17 January 2022

Monday, 05:55



Fuad IBRAHIMOV: “I have never experienced such emotions on any stage in the world”



This young and talented Azerbaijani conductor works in the famous music halls of the world, including in Monte Carlo, Spain, Germany, Italy, China, Russia and other countries. He is well known to a wide circle of connoisseurs of classical music. His concerts are broadcast on the French music channel Mezzo. One of his latest projects was based on the music of Azerbaijani composers Uzeyir Hajibeyov, Arif Melikov, Haji Khanmammadov, and Fikret Amirov. Immortal works of these luminaries have been performed by the Yevgeni Svetlanov State Academic Symphony Orchestra of Russia. The soloist is an tar player, Honored Artist of Azerbaijan Sahib Pashazadeh. You can feel the young musician’s touch on each melody chosen for the performance. He is very sensitive to the idea and style of the composer, trying not to cross the subtle line between the content of the work and improvisation.

With a wave of his baton, the Honoured Artist of Azerbaijan, laureate of international competitions Fuad IBRAHIMOV mesmerizes the audiences in the legendary orchestras of the world, including  the Philharmonic Orchestra of Monte Carlo, the Santa Cecilia orchestra of classical music, Kremerata Baltica, the Vienna Symphony Orchestra, etc.

The talent and rich inner world of Ibrahimov, who is originally from Shusha, are in harmony with his amazing skill to establish a mutual communication with his audiences. Perhaps this is also a gift. After all, Shusha has always been rich in talents. The story of his extraordinary life began in this city.

Year 1992. The nine-year-old boy Fuad finds himself at the epicentre of Armenia's territorial claims against Azerbaijan and the military events in Garabagh, which turned his world upside down. He knew about the war from books, but the real war was much more terrible. Sounds of bombs and shooting were so close to hear. Fear and awe reigned in the city. There was an expectation for the unknown in the basement of their house, where everyone could breathlessly rely only on prayers. Salvation has finally come. But was it what the people of Shusha expected it to be?! Probably not. Fuad and other people were evacuated on a helicopter, which took them far from his land and his dreams. Fuad’s family, like many other families, left everything in Shusha: home, music school, familiar streets, blue sky and crystal clear air. It was only the memories that Fuad could take with him during the evacuation: as a kid, his grandfather, khanendeh Isa Rahimov and Fuad used to take part in the mugham evenings, play piano for his mother, strolled around the native neighbourhood in Shusha.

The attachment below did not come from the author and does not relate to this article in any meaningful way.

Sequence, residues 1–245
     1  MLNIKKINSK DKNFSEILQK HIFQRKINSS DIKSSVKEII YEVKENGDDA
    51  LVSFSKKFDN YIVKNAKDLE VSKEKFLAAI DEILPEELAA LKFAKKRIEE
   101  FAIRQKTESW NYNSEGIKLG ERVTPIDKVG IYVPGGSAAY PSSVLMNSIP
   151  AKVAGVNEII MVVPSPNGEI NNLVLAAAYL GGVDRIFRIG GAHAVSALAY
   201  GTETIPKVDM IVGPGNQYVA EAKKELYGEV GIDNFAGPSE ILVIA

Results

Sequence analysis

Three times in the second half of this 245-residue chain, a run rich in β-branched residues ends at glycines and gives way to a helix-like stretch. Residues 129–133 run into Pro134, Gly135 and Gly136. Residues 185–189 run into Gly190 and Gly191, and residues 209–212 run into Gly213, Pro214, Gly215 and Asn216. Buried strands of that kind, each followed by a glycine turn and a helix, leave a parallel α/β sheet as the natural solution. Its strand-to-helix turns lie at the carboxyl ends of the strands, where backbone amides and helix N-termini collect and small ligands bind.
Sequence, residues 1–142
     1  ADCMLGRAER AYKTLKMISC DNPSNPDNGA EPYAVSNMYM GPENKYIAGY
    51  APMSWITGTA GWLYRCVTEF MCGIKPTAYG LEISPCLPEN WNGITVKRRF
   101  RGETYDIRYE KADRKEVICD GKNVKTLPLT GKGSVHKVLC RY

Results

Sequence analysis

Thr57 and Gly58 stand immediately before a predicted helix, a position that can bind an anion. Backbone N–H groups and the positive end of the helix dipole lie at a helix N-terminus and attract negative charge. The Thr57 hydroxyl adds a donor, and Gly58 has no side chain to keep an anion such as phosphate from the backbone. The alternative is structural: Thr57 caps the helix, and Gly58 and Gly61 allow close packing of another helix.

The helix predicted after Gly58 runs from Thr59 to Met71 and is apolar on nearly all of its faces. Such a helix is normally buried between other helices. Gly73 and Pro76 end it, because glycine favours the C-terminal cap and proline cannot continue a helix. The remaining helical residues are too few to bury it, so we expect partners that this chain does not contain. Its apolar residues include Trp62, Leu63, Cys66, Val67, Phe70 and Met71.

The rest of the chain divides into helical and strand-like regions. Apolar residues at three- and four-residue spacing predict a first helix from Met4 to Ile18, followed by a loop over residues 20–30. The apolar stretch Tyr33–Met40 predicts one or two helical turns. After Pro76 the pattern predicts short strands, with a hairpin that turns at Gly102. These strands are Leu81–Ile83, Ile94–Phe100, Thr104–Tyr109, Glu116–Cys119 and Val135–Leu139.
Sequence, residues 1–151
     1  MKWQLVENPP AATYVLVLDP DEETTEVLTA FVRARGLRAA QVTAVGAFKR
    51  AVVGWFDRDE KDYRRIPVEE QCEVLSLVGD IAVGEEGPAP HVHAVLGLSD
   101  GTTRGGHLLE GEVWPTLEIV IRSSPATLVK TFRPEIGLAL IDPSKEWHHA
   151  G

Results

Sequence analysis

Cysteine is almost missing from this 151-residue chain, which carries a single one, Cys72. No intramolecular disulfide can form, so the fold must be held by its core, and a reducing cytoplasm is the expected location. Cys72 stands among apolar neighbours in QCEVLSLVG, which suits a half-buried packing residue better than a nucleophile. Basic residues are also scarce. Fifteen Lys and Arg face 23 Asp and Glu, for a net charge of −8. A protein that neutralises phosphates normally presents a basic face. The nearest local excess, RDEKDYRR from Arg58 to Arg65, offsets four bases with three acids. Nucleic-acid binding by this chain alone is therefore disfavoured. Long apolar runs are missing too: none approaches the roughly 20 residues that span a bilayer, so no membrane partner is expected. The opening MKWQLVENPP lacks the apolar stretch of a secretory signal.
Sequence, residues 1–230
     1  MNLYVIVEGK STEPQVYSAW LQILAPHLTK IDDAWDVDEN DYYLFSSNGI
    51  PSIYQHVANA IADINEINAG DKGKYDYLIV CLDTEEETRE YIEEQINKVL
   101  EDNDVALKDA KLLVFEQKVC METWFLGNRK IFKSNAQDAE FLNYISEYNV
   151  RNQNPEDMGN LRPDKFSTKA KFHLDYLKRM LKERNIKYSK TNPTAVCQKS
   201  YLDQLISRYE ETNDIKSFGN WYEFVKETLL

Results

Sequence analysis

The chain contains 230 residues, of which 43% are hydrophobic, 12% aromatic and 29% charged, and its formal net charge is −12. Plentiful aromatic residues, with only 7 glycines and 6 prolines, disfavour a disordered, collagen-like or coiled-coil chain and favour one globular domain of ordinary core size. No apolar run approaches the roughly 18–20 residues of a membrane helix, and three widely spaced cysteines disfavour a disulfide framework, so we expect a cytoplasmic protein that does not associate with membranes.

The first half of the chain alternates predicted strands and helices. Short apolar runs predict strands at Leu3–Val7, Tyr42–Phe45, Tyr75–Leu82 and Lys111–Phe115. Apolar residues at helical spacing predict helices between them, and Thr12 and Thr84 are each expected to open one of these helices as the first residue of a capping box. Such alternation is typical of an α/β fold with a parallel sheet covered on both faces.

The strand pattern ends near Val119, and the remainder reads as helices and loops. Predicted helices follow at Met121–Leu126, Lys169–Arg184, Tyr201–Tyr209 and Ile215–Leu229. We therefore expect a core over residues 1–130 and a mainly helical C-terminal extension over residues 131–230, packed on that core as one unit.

Today Fuad Ibrahimov is 39 years old. Thanks to everyone who was involved in the great Victory in Garabagh, he could return to Shusha and visit the spot where he was taken aboard the helicopter almost thirty years ago.


“Your last interviews are full of statements about your return to Shusha and your participation in the Xarıbülbül Festival. If you don’t mind me asking, how was the concert?...”

“In fact, we will not get tired of thanking our valiant soldiers and officers who gave us this taste of victory. Without them, it would not have been possible to get our lands liberated. May every martyr who fell in this war rest in peace... Many thanks to the Supreme Commander Mr. Ilham Aliyev for the victory and the brilliant policy pursued in this direction. The concert in Shusha was excellent. I think it is appropriate to say “words cannot express our emotions”! Seizing this opportunity, I would like to note the high level of organisation of the concert. Those who watched the concert on TV were also happy to notice this. I saw in the eyes of all the organisers and participants of the festival a stormy emotional outburst, boundless admiration and happiness. And I'm sure each of them would say that they did not feel the ground under their feet as the sensations were so overwhelming. It could not be otherwise. As for me, you can multiply these feelings by 100 (smiles). I can say without exaggeration that I was born again. For the first time in all these years, I felt a relief, a taste of freedom... During all these thirty years of the occupation, I felt like I was in a cage.”

“During the first war in Garabagh, you were evacuated with your family. Obviously, that was a hard period of your life and your family could not immediately get back on its feet. What did keep you afloat all these difficult years?”

“Music! Music and my mother. I have been living in Baku since I was 11. When I was 9, we left Shusha and escaped to Aghdam. For a long time, we lived in a sanatorium in Shikh in the vicinity of Baku. But as soon as I came here, I was constantly keeping myself busy with something. I did boxing, drawing, swimming, studied radio engineering, computer science. I have even made my first turntable for records (laughs). But, of course, the music was the main thing keeping me healthy.”

“Why did you choose to perform Fikret Amirov’s Azerbaijan Capriccio at the festival”

“In fact, we could perform anything from our luminaries on the stage in Shusha. But Uzeyir Hajibeyov's Overture has always been on top of all creations. The same is true for Amirov’s Capriccio. I am thankful for the opportunity to stand on the stage in Shusha and, together with our musicians, convey the deep content of this work to the audience. I have never experienced such emotions on any stage in the world! The stage stands where the helicopter took me aboard for a completely different life. And it was there that the justice of history triumphed, allowing us to return and stand on the soil of Shusha with proud.”